When Regina Kizer took online nursing classes in two graduate nursing degree programs, she bought textbooks in all different formats.
“I’ve tried eBooks; I’ve tried Kindle. I’ve tried purchasing them in hardback, and I’ve rented them as well,” says the 45-year-old Oklahoma resident, who earned a nursing master’s and doctoral degree from Frontier Nursing University.
She says the decision to buy or rent textbooks – either from the school or elsewhere – in part boiled down to whether she planned to continue using the textbook as a career resource once a class finished. If so, she typically chose to purchase textbooks, often in print.
[Read: 4 Reasons Online Learning Works for Working Adults.]
“There’s something about having a book in front of you where you can flip through the pages and go to the information that you need,” says Kizer, though she acknowledges that individual students’ preferences will vary.
If a student is simply fulfilling general education requirements as an undergraduate, Kizer says, it may make more sense to rent textbooks.
Here are six things experts say prospective and incoming online students should know before they either buy or rent textbooks for their program’s courses.
Print textbooks are sometimes required but may also be available in the digital format. “More and more, textbook publishers these days are also making digital versions of their textbooks, so that’s always an option that’s available, too,” says Jessie Guy-Ryan, associate director of online learning at the New York University Tandon School of Engineering. “And sometimes, that could be more convenient, especially if an online student is someone who is working a lot and maybe wants the convenience of being able to read their book on their commute really easily or something like that.”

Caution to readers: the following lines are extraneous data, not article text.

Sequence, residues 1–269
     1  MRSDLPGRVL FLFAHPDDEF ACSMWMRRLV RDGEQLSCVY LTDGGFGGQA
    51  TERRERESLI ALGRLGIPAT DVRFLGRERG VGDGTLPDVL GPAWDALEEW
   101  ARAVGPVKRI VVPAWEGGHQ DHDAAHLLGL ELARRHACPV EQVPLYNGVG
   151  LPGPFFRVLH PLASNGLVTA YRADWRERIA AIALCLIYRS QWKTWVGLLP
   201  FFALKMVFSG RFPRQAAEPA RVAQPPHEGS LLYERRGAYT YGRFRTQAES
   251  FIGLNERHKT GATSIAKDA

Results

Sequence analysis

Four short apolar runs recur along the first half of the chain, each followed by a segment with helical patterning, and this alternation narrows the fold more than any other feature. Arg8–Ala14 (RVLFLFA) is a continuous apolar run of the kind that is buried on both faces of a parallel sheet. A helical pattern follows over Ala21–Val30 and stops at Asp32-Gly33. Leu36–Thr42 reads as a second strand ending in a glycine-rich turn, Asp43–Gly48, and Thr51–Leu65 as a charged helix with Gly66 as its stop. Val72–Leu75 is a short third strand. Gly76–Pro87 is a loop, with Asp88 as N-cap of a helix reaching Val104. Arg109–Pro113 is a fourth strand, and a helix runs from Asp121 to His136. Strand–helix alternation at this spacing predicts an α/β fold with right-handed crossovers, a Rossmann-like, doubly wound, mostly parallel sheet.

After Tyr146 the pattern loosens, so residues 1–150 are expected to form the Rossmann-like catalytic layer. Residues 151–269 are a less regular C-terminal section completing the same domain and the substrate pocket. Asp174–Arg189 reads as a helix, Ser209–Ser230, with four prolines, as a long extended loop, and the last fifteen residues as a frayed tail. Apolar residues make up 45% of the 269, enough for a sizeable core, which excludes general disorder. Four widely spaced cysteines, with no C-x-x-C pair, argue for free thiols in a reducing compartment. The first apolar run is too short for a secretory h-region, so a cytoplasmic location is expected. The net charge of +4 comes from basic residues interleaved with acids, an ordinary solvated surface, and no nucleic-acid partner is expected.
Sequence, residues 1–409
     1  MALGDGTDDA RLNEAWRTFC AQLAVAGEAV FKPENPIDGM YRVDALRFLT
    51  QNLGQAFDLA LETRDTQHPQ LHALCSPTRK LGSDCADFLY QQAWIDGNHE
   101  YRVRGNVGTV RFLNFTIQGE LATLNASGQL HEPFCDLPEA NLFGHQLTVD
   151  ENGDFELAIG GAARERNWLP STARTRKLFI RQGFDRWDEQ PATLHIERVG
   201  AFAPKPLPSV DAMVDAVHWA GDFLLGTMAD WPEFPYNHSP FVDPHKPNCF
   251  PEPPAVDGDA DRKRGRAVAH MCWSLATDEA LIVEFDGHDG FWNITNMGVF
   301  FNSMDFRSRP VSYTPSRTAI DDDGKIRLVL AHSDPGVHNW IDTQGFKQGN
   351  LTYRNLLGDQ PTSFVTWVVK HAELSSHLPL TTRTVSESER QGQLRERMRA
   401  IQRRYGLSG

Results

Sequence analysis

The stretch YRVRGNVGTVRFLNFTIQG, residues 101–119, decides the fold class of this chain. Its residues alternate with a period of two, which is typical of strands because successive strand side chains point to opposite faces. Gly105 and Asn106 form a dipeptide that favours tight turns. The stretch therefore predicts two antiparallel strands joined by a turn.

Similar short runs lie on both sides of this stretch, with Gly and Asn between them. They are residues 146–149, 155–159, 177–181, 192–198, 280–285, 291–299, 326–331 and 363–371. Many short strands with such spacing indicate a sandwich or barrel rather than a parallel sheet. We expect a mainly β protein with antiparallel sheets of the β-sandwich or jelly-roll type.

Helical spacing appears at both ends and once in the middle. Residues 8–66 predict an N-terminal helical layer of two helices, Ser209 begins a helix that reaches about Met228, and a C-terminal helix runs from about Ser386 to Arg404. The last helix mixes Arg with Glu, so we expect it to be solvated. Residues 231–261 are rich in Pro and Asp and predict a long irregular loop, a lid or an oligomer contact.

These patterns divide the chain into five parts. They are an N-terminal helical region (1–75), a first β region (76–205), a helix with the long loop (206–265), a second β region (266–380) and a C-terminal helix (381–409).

Specific requirements for textbooks, including print versus digital format, will vary depending on the class, experts say.
When it comes to digital rentals, “Sometimes it would be the title may be available for 180 days or maybe 365 days,” says Kathy Highbaugh, manager of quality assurance for Learning Design at Pennsylvania State University—World Campus. “So there are a variety of options. Depending what format the learner is comfortable with, they have a wide range of options.”
Some online courses are going textbook-free. Certain professors may not assign any textbooks and will simply have students download a series of journal articles and other reading materials at no cost.
Other online courses may utilize Open Educational Resources, or OERs, which are free materials on the internet that are often available to anyone and are produced through university, state or federally funded projects, says Tony Contento, program manager for the School of Professional Studies at Colorado State University—Global Campus.
“What they represent is a free resource for students designed by active professors,” Contento says. “And sometimes these professors even design other materials – videos, interactives, assessments – for student and faculty use.”
Online students need to be proactive about buying and returning textbooks. That’s in part because they typically have less face-to-face interaction with professors compared with on-campus students. With fewer reminders, there may be greater pressure on online students to take the initiative to check the requirements each semester and remember to return rentals.
[Read: 4 Ways to Communicate With Professors in Online Courses.]
Especially in online courses, where there may be additional types of required digital materials – practice exams, for instance, or extra media content – students should check whether they need additional access codes and what costs, if any, those may entail, experts say.